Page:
High-fat diets inflame fat tissue around blood vessels, contribute to heart disease

Feb 18, 2009

A study by researchers at the University of Cincinnati (UC) shows that high-fat diets, even if consumed for a short amount of time, can inflame fat tissue surrounding blood vessels, possibly contributing to cardiovascular disease.

These findings will be published in the Feb. 20 edition of the American Heart Association journal Circulation Research.

Neal Weintraub, MD, and colleagues examined adipose tissue—or fat—surrounding the coronary arteries of humans. The researchers found these fat cells to be highly inflamed, suggesting that they could trigger inflammation of the blood vessels, an important component of atherosclerosis.

They also found that the inflammation of fat tissues around the arteries of mice is increased by feeding the animals a high-fat diet for just two weeks.

"This is independent of weight gain or blood lipids—cholesterol levels," says Weintraub, senior author of the study and chair of the cardiovascular diseases division at UC.

Weintraub says that high fat diets contribute to atherosclerosis—or the hardening of arteries—in a number of ways.

"Elevated blood lipids—or cholesterol levels—can worsen with the intake of high fat diets, and this is known to contribute to atherosclerosis," he says. "However, many patients who consume high fat diets do not exhibit abnormal lipid profiles but still develop atherosclerosis nonetheless.

"These new findings suggest a direct link between poor dietary habits and inflammation of blood vessels, mediated by the fat cells surrounding the blood vessel wall."

Weintraub adds that the diet fed to the mouse models was not unlike the diets consumed by many Americans.

"It produced striking abnormalities of the fat tissue surrounding blood vessels in a very short period of time," he says. "This is a warning to those who say there isn't a problem because their weight and cholesterol levels are under control. Lipid profiles don't hold all the answers.

"Bad dietary habits can lead to a number of problems, and this suggests that a high fat diet is detrimental in ways we didn't previously understand."

Weintraub says there is no real way to measure the effects of poor dietary habits on fat tissue surrounding blood vessels.

"We don't know why these cells are so responsive to high-fat diets," he says. "We must now conduct further experiments to answer these types of questions."

Source: University of Cincinnati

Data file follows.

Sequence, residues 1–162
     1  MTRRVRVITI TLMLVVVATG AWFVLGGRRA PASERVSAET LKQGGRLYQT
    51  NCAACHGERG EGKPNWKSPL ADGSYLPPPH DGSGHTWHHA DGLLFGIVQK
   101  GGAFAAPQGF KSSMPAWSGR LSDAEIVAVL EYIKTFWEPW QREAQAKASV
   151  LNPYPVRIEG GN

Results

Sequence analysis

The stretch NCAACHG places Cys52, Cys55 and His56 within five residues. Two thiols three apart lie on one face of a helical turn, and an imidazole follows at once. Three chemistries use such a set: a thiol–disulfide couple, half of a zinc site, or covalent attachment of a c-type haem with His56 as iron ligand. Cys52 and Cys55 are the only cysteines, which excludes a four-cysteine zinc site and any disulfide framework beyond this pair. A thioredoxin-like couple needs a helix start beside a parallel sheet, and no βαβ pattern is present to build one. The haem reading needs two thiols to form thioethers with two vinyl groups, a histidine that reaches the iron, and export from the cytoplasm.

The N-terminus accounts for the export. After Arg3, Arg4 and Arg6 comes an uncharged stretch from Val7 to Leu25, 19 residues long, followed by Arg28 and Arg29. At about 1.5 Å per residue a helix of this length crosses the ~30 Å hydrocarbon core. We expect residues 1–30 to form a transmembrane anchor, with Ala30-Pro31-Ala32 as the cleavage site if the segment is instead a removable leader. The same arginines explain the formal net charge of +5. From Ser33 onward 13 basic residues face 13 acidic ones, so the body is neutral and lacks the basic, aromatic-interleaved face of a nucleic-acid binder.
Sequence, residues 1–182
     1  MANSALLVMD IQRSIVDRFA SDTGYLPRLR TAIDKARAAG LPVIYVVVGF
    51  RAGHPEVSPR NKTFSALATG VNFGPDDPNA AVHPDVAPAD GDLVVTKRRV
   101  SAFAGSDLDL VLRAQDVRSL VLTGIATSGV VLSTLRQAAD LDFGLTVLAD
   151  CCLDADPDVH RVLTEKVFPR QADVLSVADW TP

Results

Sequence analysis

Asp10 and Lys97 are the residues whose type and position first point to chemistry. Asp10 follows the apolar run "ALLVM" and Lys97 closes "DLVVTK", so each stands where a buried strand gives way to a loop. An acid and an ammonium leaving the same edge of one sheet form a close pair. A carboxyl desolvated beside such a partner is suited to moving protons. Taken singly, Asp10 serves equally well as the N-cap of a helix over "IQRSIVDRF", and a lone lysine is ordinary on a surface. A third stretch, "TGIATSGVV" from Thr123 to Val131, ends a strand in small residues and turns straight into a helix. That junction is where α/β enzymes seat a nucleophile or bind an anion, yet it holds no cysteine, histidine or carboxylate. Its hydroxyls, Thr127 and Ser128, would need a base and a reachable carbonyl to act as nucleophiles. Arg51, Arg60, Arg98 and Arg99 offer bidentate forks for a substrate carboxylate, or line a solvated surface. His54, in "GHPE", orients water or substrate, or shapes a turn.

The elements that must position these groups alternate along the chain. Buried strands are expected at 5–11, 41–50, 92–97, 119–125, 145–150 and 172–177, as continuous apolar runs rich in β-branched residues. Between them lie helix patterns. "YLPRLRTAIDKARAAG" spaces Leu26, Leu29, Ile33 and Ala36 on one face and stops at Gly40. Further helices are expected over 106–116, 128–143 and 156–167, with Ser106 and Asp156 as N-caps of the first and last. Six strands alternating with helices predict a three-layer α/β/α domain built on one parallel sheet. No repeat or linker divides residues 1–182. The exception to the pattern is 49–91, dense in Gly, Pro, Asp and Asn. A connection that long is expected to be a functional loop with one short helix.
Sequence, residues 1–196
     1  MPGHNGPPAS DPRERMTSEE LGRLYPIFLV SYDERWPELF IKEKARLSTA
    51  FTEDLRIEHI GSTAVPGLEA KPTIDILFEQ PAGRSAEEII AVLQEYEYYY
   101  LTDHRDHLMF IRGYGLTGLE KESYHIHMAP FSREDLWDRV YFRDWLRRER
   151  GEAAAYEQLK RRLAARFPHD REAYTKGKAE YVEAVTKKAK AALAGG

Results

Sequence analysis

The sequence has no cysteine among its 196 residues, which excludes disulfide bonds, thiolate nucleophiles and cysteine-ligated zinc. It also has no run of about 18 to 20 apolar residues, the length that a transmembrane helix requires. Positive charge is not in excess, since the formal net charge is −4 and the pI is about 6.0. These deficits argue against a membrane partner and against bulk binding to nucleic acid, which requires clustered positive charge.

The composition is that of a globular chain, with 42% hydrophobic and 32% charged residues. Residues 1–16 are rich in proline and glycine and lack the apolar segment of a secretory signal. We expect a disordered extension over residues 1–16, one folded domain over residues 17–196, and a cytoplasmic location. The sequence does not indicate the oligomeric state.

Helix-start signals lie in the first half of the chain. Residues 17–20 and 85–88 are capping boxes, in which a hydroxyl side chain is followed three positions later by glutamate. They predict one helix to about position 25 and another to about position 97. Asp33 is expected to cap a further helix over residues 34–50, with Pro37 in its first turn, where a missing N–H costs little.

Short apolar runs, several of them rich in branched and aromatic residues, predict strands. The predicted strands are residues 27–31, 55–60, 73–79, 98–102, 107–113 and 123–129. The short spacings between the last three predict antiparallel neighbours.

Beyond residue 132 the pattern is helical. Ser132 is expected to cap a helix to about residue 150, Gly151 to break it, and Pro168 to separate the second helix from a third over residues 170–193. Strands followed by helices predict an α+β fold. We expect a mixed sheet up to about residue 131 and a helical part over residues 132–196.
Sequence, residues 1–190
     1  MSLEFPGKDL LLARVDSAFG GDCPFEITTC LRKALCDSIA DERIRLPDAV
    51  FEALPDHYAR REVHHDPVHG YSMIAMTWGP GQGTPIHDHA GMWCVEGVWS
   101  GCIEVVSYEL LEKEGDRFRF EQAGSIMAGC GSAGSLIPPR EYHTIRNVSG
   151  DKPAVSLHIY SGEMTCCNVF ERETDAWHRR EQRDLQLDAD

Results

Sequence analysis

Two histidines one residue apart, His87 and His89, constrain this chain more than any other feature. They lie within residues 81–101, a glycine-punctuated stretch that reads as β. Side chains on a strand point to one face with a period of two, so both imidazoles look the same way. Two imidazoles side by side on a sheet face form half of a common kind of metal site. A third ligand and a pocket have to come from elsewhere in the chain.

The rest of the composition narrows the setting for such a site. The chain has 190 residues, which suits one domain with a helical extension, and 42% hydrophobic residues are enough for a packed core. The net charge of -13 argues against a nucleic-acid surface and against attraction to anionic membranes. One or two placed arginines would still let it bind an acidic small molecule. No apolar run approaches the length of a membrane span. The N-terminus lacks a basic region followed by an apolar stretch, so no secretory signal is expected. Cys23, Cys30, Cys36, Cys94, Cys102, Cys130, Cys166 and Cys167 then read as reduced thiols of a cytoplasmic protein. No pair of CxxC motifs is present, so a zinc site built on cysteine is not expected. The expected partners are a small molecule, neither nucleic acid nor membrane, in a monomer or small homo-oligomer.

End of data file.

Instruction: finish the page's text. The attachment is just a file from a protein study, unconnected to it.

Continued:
Explore further: Study shows Tamiflu gets patients back on their feet faster, reduces flu complications

add to favorites email to friend print save as pdf

Related Stories

Planck: Gravitational waves remain elusive

1 hour ago

Despite earlier reports of a possible detection, a joint analysis of data from ESA's Planck satellite and the ground-based BICEP2 and Keck Array experiments has found no conclusive evidence of primordial ...

Evidence mounts for quantum criticality theory

2 hours ago

A new study by a team of physicists at Rice University, Zhejiang University, Los Alamos National Laboratory, Florida State University and the Max Planck Institute adds to the growing body of evidence supporting ...

Recommended for you

Second bird flu case confirmed in Canada

1 hour ago

The husband of a Canadian who was diagnosed earlier this week with bird flu after returning from a trip to China has also tested positive for the virus, health officials said Friday.

What exactly is coronavirus?

7 hours ago

The conflicts in Syria and Iraq are straining public health systems and public health efforts meant to prevent and detect the spread of infectious diseases. This is generating a "perfect storm" of conditions for outbreaks. Among the infections raising concern is Middle East Respiratory Syndrome, caused by a type of coronavirus, which emerged in 2012. ...

Scientists find Ebola virus is mutating

8 hours ago

(Medical Xpress)—Researchers working at Institut Pasteur in France have found that the Ebola virus is mutating "a lot" causing concern in the African countries where the virus has killed over eight thous ...

User comments : 0

Please sign in to add a comment. Registration is free, and takes less than a minute. Read more

Click here to reset your password.
Sign in to get notified via email when new comments are made.